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Arizona’s Snowflake, Still Generating Power, Melts to Bankruptcy

Snowflake White Mountain Power, LLC, a biomass power plant in Arizona, recently filed for Chapter 11 bankruptcy protection in effort to avoid having its contract put to rest by the Salt River Project.  The bankruptcy follows some long months of back-and-forth debates between Snowflake White Mountain Power and Salt River Project over both renegotiated agreements and the financially downtrodden history of the power plant itself.

In documents filed with the US Bankruptcy Court, Snowflake White Mountain Power claims it’s roughly $50-$100 million in debt.  At the beginning of last year, the Arizona plant’s original owner, Renegy Holdings, Inc., was given a $12.3 million “tax equity cash infusion” which then made AZ Biomass, LLC its owner.

Renegy still owns 1% of AZ Biomass; CEO Robert Worsley was reported as saying the company’s lender, Greenwood Village, appointed a receiver back in December after Renegy leaned and cried on the bank’s shoulder for assistance.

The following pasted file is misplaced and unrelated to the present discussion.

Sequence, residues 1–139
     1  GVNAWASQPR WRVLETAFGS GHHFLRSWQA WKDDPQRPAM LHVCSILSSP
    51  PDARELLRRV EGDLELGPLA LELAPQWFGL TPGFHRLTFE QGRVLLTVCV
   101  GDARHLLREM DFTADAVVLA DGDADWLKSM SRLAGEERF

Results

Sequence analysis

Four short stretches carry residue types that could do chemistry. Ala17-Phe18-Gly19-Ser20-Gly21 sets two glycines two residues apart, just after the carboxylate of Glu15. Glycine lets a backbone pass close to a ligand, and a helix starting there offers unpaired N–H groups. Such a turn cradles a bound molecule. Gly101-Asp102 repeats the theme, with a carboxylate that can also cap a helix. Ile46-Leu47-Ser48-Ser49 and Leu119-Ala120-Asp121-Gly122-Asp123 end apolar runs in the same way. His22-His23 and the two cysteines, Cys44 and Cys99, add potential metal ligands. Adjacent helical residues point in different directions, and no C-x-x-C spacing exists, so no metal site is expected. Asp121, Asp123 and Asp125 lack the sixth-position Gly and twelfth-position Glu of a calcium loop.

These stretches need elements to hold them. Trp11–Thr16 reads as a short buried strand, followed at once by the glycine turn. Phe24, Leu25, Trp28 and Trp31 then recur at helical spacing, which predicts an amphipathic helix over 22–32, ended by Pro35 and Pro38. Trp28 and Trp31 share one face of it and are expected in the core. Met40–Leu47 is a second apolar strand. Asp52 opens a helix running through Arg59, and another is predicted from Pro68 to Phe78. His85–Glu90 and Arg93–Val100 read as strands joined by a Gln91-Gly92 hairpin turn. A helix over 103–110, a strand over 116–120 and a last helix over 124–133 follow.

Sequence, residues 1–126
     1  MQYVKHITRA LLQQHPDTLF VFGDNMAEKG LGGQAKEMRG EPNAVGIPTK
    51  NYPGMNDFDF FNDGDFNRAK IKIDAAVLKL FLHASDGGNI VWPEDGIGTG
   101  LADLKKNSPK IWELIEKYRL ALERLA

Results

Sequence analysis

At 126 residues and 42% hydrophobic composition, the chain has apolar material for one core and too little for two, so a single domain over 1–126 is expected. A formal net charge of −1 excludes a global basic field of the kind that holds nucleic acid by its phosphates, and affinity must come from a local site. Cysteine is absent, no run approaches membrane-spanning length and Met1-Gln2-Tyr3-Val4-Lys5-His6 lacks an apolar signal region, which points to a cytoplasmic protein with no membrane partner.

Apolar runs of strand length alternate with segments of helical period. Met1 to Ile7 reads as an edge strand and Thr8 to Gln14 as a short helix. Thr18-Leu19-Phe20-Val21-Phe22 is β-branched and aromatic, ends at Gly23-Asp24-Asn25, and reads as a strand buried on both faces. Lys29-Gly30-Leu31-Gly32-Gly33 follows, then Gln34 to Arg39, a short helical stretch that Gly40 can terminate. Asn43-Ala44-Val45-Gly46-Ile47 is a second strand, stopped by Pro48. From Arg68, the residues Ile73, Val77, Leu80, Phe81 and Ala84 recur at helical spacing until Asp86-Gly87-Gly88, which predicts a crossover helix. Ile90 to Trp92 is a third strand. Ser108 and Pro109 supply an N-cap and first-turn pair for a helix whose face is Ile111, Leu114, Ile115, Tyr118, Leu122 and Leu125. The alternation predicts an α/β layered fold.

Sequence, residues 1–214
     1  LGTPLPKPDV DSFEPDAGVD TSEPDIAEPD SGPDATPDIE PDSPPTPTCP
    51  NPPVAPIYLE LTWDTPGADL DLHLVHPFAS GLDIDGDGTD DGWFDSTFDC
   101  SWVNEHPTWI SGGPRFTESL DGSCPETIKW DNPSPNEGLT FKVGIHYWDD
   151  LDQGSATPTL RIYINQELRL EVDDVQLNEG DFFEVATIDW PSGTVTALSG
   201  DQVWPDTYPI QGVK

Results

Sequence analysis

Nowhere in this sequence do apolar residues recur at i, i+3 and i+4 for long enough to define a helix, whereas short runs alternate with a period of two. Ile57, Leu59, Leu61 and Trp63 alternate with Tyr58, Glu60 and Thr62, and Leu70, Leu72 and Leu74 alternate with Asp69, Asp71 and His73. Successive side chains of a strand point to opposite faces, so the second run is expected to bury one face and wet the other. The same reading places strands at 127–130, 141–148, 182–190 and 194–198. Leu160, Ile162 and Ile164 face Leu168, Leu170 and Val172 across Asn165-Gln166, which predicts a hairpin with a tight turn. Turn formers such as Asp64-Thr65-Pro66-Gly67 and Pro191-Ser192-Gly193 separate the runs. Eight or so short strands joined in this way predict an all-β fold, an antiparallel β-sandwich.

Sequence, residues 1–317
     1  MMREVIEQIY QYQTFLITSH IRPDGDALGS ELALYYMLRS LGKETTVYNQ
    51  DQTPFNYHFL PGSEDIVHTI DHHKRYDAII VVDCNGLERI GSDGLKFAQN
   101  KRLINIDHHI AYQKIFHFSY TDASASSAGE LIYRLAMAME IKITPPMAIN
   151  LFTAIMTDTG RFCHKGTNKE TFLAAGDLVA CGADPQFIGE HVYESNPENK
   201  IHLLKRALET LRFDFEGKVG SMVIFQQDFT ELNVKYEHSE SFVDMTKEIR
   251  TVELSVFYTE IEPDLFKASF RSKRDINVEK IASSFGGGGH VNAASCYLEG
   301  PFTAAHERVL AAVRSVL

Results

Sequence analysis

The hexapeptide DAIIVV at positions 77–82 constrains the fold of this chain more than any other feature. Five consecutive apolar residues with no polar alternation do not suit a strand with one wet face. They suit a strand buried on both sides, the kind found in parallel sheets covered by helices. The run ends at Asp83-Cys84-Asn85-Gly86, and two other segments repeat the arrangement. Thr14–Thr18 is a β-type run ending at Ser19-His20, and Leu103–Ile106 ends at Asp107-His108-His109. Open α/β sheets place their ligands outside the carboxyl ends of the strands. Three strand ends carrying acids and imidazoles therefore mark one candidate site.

In explaining why Salt River Project would have decided to end their contract with Snowflake, their spokesperson, Patty Garcia was quoted by Reuters as saying, “At the request of SWMP, SRP made numerous modifications to the agreement over the past several years…modifications included multiple increases in the price SRP paid for energy, the amount of energy SRP was committed to purchase and extending deadlines in the purchase agreement at Snowflake’s request.”  On paper, the bankruptcy seemed the plant’s best option in order to continue producing power for Salt River Project.

Renegy, while maintaining the plant and managing all of its operations, has remained neutral during the dispute.  Since 2008, Snowflake has sold power to both Salt River Project and the Arizona Public Service Company.  The latter was recently reported as saying they’ve noticed nothing different, in terms of its receiving power, since Snowflake’s filing for bankruptcy.

Snowflake’s plant is known for burning wood, pulp and some waste to produce its fuel.  Ultimately, the fuel is responsible for creating 24 megawatts of power.